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The impact of the of structure on the spatial proteome

  • Full or part time
    Prof Kathryn Lilley
  • Application Deadline
    Applications accepted all year round
  • Self-Funded PhD Students Only
    Self-Funded PhD Students Only

Project Description

Prof. Kathryn Lilley, Department of Biochemistry, University of Cambridge
Prof. Anne Willis, MRC Toxicology Unit, Leicester University (re-locating to Cambridge in 2018)

It is now widely acknowledged that many proteins exist in multiple locations within a cell. In different locations, proteins may have different post translational modifications, make new sets of interactions with alternative binding partners and adopt different structures. The reasons why proteins traffic to multiple locations in turn may be influenced by the above, but also by alternative splicing and localised translation.

The aims of research in the supervisors’ labs are to define where translation of mRNA takes place in the cell, how this is regulated by protein binding partners and sequence motifs and how this changes upon cellular perturbation.
In this project, which will be based in Cambridge, the PhD candidate will carry out crucial experiments aimed at determining the relationship between the transcriptome, the spatial proteome and structure and how this changes upon cell perturbation, such as stress.
The project will involve the use of different protein extraction methods, and characterisation of peptides generated from the cell lysates by cutting edge quantitative and structural proteomics methods and informatics tools. The project will involve interaction with Cambridge and Leicester based members of the research groups and presentation of data.

The student will learn quantitative mass spectrometry, protein chemistry, protein cross linking, tissue culture, cell imaging, and next generation sequencing, plus familiarization with several programming languages and basic statistical skills.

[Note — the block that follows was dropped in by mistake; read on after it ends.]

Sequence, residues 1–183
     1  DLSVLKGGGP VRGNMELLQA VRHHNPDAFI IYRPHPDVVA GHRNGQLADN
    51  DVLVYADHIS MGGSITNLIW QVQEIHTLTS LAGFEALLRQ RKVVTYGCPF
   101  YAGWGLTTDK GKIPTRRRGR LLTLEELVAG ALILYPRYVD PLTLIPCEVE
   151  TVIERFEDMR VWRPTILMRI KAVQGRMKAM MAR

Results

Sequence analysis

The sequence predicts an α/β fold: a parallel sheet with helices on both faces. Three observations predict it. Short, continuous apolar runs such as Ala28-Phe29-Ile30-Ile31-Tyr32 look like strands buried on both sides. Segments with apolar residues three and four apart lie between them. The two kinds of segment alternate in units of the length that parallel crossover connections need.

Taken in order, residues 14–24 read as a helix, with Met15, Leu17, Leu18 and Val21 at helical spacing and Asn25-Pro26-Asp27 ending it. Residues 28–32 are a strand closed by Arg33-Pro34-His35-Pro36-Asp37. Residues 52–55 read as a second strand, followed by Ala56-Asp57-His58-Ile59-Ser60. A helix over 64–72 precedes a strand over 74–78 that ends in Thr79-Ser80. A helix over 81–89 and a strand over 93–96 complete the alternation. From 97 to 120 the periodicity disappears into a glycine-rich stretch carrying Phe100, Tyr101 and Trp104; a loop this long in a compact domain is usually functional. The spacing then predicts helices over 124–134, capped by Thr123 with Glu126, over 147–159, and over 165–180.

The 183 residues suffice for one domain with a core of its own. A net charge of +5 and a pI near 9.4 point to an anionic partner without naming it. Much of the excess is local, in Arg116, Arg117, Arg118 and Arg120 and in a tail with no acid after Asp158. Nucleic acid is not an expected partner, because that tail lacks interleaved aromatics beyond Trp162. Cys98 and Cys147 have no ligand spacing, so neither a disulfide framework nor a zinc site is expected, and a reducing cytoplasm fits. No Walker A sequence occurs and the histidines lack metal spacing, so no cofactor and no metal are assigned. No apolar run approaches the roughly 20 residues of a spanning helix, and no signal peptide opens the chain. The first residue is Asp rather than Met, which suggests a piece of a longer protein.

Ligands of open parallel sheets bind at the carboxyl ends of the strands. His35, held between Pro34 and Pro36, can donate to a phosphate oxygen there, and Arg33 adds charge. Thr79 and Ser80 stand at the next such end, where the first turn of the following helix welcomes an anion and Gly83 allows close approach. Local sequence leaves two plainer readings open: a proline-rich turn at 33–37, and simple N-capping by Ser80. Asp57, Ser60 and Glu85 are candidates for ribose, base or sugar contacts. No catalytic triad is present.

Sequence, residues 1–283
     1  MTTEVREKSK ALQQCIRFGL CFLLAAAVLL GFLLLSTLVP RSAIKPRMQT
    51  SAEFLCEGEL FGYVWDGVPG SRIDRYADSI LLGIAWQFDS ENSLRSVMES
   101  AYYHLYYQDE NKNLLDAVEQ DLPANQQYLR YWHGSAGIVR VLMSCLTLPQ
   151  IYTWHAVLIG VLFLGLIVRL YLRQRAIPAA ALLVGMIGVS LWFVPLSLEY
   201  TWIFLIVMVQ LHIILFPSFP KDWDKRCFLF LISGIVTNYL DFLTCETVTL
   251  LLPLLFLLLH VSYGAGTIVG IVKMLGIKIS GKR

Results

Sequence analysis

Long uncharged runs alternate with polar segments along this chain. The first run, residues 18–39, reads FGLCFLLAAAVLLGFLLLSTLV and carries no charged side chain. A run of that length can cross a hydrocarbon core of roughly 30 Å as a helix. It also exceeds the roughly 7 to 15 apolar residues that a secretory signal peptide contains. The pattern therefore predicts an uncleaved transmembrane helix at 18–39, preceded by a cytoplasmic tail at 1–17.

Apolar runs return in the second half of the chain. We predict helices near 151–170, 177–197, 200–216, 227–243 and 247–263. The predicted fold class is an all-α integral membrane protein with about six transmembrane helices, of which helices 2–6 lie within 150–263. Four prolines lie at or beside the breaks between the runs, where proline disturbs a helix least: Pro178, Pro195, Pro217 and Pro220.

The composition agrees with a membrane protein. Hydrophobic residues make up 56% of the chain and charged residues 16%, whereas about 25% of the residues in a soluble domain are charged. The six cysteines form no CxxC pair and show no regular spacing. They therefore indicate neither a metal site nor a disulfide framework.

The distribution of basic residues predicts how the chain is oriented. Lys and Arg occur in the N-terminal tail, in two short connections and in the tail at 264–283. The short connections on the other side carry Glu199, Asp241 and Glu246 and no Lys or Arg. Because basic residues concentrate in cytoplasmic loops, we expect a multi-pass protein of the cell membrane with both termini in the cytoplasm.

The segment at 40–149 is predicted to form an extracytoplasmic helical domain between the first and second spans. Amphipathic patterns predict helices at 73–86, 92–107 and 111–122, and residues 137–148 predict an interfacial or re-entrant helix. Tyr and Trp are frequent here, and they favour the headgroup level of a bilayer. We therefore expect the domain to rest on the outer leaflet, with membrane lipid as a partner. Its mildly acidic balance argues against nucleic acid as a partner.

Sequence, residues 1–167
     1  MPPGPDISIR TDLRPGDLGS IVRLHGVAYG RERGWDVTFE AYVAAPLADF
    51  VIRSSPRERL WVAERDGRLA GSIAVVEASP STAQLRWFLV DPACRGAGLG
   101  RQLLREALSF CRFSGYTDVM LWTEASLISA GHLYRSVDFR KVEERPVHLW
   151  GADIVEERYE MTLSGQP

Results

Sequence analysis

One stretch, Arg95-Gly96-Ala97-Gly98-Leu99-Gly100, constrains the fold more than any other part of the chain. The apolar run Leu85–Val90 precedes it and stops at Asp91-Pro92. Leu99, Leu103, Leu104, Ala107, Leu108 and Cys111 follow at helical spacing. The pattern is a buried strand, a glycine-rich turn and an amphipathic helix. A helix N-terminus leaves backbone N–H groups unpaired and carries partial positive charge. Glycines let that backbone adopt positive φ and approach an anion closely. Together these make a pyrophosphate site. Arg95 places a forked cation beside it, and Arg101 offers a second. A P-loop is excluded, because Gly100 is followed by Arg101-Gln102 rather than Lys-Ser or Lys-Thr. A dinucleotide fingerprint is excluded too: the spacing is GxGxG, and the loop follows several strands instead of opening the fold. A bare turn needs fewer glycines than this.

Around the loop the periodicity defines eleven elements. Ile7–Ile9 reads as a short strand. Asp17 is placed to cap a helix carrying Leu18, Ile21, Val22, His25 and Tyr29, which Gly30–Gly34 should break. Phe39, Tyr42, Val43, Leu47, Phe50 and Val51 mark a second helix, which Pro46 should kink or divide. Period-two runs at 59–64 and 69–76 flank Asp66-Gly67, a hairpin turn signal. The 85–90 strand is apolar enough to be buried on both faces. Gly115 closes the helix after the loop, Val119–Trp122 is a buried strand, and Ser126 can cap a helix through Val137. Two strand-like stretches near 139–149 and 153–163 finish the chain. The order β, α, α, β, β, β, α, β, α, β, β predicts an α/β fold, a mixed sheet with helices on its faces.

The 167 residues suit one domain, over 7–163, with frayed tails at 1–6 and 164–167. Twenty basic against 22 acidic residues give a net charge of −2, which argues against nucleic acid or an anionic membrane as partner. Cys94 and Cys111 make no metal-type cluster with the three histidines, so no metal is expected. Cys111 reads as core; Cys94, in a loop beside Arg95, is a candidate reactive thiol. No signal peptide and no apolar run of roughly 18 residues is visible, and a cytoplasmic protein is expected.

The project will fit at the core of the group research activity of both the Lilley and Willis groups. The student will be supported and assisted by other members of these groups, including bioinformaticians, cell biologists and proteomics experts.

This project fits into the category of World Class Underpinning Bioscience/New Ways of Working

Learning outcomes and skills acquired (maximum 100 words)
The student will become familiar with the field of cell biology, translation , proteomics and mass spectrometry.

The skills acquired will be cell culture, basic protein biochemistry, next generation DNA sequencing, mass spectrometry, quantitative proteomics approaches and cross-linking methods, bioinformatics and data interpretation.

The student will also be expected to give a talk about their short project and will be given training in presentation skills, both oral and written.

The student will be working in two vibrant research groups and will be given the opportunity to work as part of large teams of PhD students and post doctoral research workers.

References

1. A draft map of the mouse pluripotent stem cell spatial proteome Christoforou A, Mulvey CM, Breckels LM, Geladaki A, Hurrell T Hayward PC, Naake T, Gatto L, Viner R, Martinez Arias A and Lilley KS (2016) Nature Communications 12;7:9992. doi: 10.1038/ncomms9992
2. Learning from Heterogeneous Data Sources: An Application in Spatial Proteomics., Breckels LM, Holden SB, Wojnar D, Mulvey CM, Christoforou A, Groen A, Trotter MW, Kohlbacher O, Lilley KS, Gatto L. PLoS Comput Biol. 2016 May 13;12(5):e1004920. doi: 10.1371/journal.pcbi.1004920.
3. A subcellular map of the human proteome. Thul PJ, ........., Lilley KS, Uhlén M, Lundberg E. Science. 2017 May 26;356(6340). pii: eaal3321. doi: 10.1126/science.aal3321. Epub 2017 May 11.

How good is research at University of Cambridge in Biological Sciences?

FTE Category A staff submitted: 189.63

Research output data provided by the Research Excellence Framework (REF)

Click here to see the results for all UK universities

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